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Clinical Drug Investigation

, Volume 37, Issue 10, pp 929–936 | Cite as

Assessment of the Impact of l-Thyroxine Therapy on Bleeding Risk in Patients Receiving Vitamin K Antagonists

  • Farès Moustafa
  • Rémi Malhomme
  • Bruno Pereira
  • Alain Barres
  • Jennifer Saint-Denis
  • Frederic Dutheil
  • Marie Batisse
  • Jeannot Schmidt
Original Research Article
  • 112 Downloads

Abstract

Background

Several studies have suggested a link exists between l-thyroxine and the coagulation system, and, according to some drug interaction studies, l-thyroxine can potentiate the effect of warfarin. This study sought to assess whether thyroid hormone therapy could impact the risk of bleeding in patients receiving vitamin K antagonists (VKAs).

Methods

We conducted a monocentric, retrospective study on prospectively collected data from consecutive patients enrolled in the Registry of patient with AntiThrombotic agents admitted to an Emergency Department (RATED) database, and compared the hemorrhage rates (both major and nonmajor) of patients receiving treatment with and without l-thyroxine. Propensity score matching analysis was performed to reduce the differences between patients receiving l-thyroxine and those not receiving l-thyroxine in order to reassess bleeding outcomes in patients receiving VKAs.

Results

From January 2014 to June 2015, 1454 patients receiving VKAs were recruited into the RATED database. Overall, 187 patients (12.8%) received l-thyroxine. Patients receiving l-thyroxine were more likely to be female than those not receiving l-thyroxine (78.1 vs. 55%) and more likely to exhibit hypertension (65.5 vs. 55.7%; p = 0.015), but less likely to have history of myocardial infarction (9.6 vs. 16.6%; p = 0.022) or higher creatinine levels (96.1 vs. 112.1 μmol/L; p = 0.04). After propensity score matching, bleeding outcomes were not significantly different between patients receiving l-thyroxine and those not receiving l-thyroxine.

Conclusions

Our study revealed no evidence that l-thyroxine could increase bleeding risk in patients receiving VKAs. However, physicians must be aware that patients with thyroid disease receiving VKA therapy could have other drug interactions, particularly with amiodarone therapy.

ClinicalTrials.gov number

NCT02706080.

Notes

Acknowledgements

All authors had full access to all study data (including statistical reports and tables) and bear responsibility for data integrity and accuracy. In addition, all authors were involved in the critical revision of the manuscript with regard to its primary intellectual content, and approved the final version submitted for publication.

Author Contributions

FM contributed to the design, analysis and interpretation of data, collected patients, and wrote the article. RM contributed to the interpretation of data, collected patients, and approved the final version of the article. BP contributed to statistical analysis and interpretation of data, and approved the final version of the article. AB contributed to the extraction of data and approved the final version of the article. JS-D contributed to the interpretation of data, collected patients, and approved the final version of the article. FD contributed to the interpretation of data, collected patients, and approved the final version of the article. MB contributed to the interpretation of data and approved the final version of the article. JS contributed to the design, analysis and interpretation of data, collected patients, and approved the final version of the article.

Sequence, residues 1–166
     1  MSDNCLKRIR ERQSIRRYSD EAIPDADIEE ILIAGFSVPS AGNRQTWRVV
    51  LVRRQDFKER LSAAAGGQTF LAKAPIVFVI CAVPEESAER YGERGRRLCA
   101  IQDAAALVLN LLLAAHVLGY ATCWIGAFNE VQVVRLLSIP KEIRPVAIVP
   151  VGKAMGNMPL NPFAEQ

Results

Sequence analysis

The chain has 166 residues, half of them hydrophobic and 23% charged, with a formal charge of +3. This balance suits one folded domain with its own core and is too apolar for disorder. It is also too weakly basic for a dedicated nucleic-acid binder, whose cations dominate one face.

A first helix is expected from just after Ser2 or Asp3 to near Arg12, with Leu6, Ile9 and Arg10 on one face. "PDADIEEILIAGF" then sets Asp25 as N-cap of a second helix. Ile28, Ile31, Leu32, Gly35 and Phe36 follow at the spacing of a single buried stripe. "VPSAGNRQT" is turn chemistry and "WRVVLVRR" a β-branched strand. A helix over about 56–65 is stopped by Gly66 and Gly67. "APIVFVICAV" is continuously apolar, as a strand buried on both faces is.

Compliance with Ethical Standards

Conflict of interest

Dr. Moustafa has served as a consultant for Bayer HealthCare Pharmaceuticals and Sanofi, has been a speaker for Bayer HealthCare Pharmaceuticals, Boehringer Ingelheim, Daiichi-Sankyo and Sanofi, and has received grants from Sanofi, Bayer HealthCare, and LFB. Dr. Schmidt has received payments for board membership from Bayer, Daichi, Lilly, and Pfizer, as well as personal compensation from Biomerieux, Bohringer Ingelheim, Sanofi, and Novartis. Rémi Malhomme, Bruno Pereira, Alain Barres, Jennifer Saint-Denis, Frederic Dutheil, and Marie Batisse have no conflicts of interest relevant to the contents of this paper.

Funding

No specific grants were received from any funding agency in the public, commercial, or not-for-profit sectors for this research.

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Copyright information

© Springer International Publishing AG 2017

Authors and Affiliations

  1. 1.Emergency DepartmentClermont-Ferrand University HospitalClermont-FerrandFrance
  2. 2.EA 4679Université Clermont AuvergneClermont-FerrandFrance
  3. 3.Biostatistics Unit, DRCIClermont-Ferrand University HospitalClermont-FerrandFrance
  4. 4.Department of Medical InformationUniversity Hospital of Clermont-FerrandClermont-FerrandFrance
  5. 5.Laboratory of Metabolic Adaptations to Exercise in Physiological and Pathological Conditions (AME2P, EA 3533)Blaise Pascal UniversityClermont-FerrandFrance
  6. 6.School of Exercise ScienceAustralian Catholic UniversityMelbourneAustralia
  7. 7.Department of EndocrinologyCHU Clermont-FerrandClermont-FerrandFrance

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